Hard times14 May 2020
When Charles Dickens published his novel Hard Times as a serial in his weekly publication Household Words in 1854, the world was definitely different.
The story is set in a fictive industrial town, which resembled cities in the North of England at the time, poverty-stricken and where ‘serpents of smoke’ are finding their way to the sky. The factories are operating for long hours and the health and safety of employees is disregarded.
Fast forward 166 years later, times are tough for different reasons. Covid-19 has affected nearly everyone’s daily life around the world and has hit the global economy severely. Indicators of the severity are the US oil prices that traded below zero for the first time in history and the exponentially increasing number of people claiming unemployment benefits.
However, during this pandemic we were able to see how important the health and safety of employees is for businesses in our sector. Inside some crane factories there were re-organisations in areas of production to prevent the spread of infection as well as extensive hygiene management.
There have also been temporary shutdowns of factories, either decided by the manufacturers themselves or imposed by local and central governments. The nature of some people's jobs in the industry has allowed them to continue working, this time from home. ‘Safety first’ is one of the slogans of the industry; it evidently applies to more than lifting operations.
Reports of factories re-opening in China, as well as in some European countries where there have been prolonged lockdown measures, are positive signs for crane manufacturers and their suppliers around the world.
Construction also appears to be one of the first sectors governments allow to re-start operations when relaxing the measures. So the crane industry will definitely be affected by the pandemic, but less than others.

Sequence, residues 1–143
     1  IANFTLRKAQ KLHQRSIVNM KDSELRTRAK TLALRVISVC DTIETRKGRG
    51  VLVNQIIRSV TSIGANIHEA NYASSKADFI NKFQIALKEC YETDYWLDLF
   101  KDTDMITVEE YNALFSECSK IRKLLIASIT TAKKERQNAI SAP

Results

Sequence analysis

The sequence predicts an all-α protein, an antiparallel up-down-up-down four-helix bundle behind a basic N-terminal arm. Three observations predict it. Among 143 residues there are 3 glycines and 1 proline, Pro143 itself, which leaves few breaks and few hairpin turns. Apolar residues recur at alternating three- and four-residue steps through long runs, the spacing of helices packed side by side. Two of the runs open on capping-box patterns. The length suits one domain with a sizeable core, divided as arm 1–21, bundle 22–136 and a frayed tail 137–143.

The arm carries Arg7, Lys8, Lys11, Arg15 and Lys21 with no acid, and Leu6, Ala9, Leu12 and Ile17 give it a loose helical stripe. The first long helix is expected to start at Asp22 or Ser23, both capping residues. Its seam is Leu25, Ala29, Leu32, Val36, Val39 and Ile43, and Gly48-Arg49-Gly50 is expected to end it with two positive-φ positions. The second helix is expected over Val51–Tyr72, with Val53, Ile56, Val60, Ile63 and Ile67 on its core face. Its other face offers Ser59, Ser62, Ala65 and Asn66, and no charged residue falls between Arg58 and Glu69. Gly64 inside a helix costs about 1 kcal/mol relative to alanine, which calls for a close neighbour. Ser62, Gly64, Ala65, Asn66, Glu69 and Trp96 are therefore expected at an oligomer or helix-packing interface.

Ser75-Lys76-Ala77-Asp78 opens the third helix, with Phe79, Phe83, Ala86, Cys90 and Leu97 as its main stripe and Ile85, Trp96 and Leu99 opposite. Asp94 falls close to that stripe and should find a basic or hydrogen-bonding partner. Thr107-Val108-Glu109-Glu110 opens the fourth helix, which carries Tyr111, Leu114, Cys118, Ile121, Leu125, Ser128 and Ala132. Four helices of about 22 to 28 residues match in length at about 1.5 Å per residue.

The pandemic has had positive effects as well, as it has strengthened the sense of community that for decades has been eroding. People have been helping each other out without expecting something in return. This generosity was shown by some crane rental companies and manufacturers, who have provided support to their local community, not only financial but also through donating protective masks.
Unfortunately, we don't know when the crisis will be over. In the meantime, governments' decisions have a direct effect on business operations. Businesses often have to change their strategies abruptly and are focusing on the short-term. We have refrained from publishing stories online and in print about individual companies’ announcements on their operations during the pandemic, because they could quickly become outdated.
We think that from our side it is important to report the effects of this pandemic on the market and we will only be able to do that when a bit of time passes by. By then, industry professionals will have a clearer picture of how this pandemic has affected their business, the local economy and international trade.
In this issue, you will find an interview with Tadano America Corporation (TAC) CEO Ingo Schiller. He talks to us about Tadano’s new structure that would see all of the company’s operations in the Americas managed as one. The feature on rough terrains with capacities of 90t (100USt) or higher, is also inevitably more focused on North America, as this region generates most demand for such machines. But are these models offered all over the world?
Variations in rough terrain manufacturers' global offering is the focus of the other feature in the dedicated section of the magazine. There is also a feature on the latest innovations in crane attachments. I hope you enjoy reading this issue and stay safe!
Sotiris Kanaris, Editor